Prison Stripes for Quattrone?

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By Tom Jacobs (TMF Tom9)
April 23, 2003

Federal prosecutors reportedly arrested and charged former investment banker Frank Quattrone with obstruction of justice and witness tampering in connection with his alleged orders to destroy documents in the fall of 2000.

Quattrone was the star banker whose IPO work in the bull market's heyday brought in as much as 15% of annual revenue for the Credit Suisse First Boston (CSFB) arm of Credit Suisse Group (NYSE: CSR).

The feds have been investigating CSFB's practices of allocating shares in initial public offerings and requiring that recipients share profits with the firm. CSFB settled in January 2002 with the SEC and the National Association of Securities Dealers (NASD) for $100 million, but cooperated in a continuing investigation of Quattrone and released emails it had previously withheld under the attorney-client privilege. The firm put Quattrone on administrative leave this February, and he resigned a month later.

According to reports, these emails are the basis for the criminal charges. In December 2000, a colleague sent an email alerting those in Quattrone's technology group that it was "time to purge those files," allegedly referring to document-retention policies and anticipating investors' class-action lawsuits. The next day, Quattrone forwarded the same email to others.

This might not seem altogether problematic were it not for one tiny, but relevant, fact: These emails came one and two days after a CSFB lawyer alerted Quattrone that he had received federal grand jury subpoenas from the IPO-allocation investigation. Apparently, ol' Frank didn't get the Nixon memo that it's the coverup that kills ya.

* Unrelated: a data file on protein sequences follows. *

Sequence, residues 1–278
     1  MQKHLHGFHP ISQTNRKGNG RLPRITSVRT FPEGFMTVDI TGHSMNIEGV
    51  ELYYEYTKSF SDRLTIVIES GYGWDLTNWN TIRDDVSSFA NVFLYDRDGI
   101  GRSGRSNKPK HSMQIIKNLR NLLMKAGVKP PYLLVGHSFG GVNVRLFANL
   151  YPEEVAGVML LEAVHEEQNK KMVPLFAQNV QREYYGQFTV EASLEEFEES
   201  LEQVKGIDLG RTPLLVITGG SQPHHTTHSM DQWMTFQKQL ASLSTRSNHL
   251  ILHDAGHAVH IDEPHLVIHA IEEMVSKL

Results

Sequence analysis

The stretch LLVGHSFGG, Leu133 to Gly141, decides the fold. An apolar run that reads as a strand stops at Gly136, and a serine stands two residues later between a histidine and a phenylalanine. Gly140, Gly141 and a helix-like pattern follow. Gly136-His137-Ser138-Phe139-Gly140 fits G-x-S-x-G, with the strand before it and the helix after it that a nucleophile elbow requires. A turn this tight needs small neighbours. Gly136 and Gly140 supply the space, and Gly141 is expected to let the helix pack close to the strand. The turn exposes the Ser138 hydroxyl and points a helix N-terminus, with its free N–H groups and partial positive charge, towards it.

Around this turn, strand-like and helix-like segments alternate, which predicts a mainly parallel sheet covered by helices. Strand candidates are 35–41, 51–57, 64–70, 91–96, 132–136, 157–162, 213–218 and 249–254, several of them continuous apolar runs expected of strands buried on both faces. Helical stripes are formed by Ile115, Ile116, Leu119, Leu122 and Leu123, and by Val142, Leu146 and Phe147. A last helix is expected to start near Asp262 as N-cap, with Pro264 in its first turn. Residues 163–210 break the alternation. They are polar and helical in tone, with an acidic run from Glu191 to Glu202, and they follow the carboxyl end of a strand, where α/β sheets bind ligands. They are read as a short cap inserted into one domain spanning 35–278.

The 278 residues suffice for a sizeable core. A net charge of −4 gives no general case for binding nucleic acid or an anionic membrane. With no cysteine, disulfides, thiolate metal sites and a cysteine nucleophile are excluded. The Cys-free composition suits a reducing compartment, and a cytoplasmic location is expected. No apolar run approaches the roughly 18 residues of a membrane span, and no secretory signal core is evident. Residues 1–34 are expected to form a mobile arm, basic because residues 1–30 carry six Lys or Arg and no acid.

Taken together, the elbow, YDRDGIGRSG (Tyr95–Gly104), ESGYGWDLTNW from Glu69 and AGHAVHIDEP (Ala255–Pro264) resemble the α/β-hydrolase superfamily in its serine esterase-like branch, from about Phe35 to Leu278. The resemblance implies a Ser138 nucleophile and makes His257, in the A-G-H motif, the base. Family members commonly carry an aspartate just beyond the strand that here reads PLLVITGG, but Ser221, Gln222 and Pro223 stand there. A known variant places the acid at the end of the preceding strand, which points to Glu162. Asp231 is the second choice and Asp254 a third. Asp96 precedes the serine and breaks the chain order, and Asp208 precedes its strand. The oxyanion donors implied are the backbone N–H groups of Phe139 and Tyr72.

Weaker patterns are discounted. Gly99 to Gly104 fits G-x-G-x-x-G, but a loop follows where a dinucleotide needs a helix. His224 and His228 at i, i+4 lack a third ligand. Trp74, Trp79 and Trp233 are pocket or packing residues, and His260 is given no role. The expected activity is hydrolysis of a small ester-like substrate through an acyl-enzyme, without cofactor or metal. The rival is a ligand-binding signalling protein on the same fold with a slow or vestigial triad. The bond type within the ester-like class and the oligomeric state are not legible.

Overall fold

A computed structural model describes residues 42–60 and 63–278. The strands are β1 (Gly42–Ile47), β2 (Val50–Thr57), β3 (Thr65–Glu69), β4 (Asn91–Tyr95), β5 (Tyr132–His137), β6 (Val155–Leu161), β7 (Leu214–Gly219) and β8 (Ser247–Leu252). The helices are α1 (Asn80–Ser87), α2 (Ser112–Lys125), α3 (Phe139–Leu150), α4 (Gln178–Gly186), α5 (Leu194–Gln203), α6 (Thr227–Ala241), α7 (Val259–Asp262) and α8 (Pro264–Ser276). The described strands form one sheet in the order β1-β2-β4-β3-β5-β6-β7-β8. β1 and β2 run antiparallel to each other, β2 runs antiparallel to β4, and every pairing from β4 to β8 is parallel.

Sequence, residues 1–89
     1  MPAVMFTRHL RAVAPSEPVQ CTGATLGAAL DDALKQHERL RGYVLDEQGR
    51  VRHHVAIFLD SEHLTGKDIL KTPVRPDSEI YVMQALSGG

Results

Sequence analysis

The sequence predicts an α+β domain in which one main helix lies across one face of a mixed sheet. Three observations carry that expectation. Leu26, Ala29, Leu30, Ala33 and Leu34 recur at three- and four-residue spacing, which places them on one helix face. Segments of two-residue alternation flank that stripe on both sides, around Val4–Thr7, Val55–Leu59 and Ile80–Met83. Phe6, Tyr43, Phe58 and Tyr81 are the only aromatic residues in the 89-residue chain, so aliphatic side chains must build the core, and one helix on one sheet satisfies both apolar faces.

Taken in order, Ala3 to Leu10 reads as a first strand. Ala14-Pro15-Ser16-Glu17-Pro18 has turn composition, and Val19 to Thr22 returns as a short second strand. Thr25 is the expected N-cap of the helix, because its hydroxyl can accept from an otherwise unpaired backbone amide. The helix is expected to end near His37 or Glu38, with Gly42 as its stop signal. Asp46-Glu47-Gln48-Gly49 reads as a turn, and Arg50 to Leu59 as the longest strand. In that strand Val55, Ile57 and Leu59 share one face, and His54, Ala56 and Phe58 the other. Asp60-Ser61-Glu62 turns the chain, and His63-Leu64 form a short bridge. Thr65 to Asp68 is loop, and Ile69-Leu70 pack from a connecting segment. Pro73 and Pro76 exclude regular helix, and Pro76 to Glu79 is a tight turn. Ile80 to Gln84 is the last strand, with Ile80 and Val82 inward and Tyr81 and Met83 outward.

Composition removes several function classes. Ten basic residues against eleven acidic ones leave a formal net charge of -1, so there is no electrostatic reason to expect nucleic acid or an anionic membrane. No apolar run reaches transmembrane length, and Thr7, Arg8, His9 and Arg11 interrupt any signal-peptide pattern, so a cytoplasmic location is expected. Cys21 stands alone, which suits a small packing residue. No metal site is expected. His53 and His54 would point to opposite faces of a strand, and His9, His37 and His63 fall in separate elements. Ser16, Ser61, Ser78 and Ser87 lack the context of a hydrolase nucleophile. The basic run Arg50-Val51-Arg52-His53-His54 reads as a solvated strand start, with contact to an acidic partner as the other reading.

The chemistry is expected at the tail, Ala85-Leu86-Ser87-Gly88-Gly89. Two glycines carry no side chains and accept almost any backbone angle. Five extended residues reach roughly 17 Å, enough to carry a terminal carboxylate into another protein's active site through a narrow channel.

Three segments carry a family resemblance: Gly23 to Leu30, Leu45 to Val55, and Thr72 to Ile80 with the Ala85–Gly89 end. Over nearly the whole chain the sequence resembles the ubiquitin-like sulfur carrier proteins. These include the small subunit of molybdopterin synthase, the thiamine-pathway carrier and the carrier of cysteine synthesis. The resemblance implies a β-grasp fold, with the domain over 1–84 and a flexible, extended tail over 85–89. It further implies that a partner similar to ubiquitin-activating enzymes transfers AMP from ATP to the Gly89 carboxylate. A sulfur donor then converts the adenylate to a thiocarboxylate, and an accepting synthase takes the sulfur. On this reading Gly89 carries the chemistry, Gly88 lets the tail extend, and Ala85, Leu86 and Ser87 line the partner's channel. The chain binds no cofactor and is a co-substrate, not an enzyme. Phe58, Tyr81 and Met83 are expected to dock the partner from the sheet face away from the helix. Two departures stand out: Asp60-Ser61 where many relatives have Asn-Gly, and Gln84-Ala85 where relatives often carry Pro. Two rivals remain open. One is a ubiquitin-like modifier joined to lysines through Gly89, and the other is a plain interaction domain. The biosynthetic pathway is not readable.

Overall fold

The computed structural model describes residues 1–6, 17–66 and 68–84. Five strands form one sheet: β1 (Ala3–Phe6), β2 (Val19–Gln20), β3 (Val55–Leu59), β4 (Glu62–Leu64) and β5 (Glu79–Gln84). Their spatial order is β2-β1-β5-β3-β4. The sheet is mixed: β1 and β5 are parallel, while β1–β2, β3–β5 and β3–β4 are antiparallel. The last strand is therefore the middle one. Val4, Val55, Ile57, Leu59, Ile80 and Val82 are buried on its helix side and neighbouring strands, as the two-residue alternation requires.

While it doesn't look good for the fallen star, a criminal case is always tougher to prove than one for civil penalties alone. Criminal obstruction of justice cases require prosecutors to prove not only that you did an evil deed, but also did it with intention. Quattrone has denied knowledge of the investigations and will argue he was simply following and endorsing existing policies, while the prosecutors will point to the coincidental timing.

However, because Quattrone already faces civil penalties from the NASD and more, as part of forthcoming charges against analysts for alleged improper influence during the bull market's height, the combined pressure will be intense to plea bargain on the criminal side and settle on the civil.  

So far, the feds haven't indicted any of the Wall Street analysts and bankers from the boom's heyday, though civil actions abound. Those who want to see some liberty -- not just property -- taken will be smacking their lips... as well as handicapping the legal race on our Eyes on the Wise discussion board!

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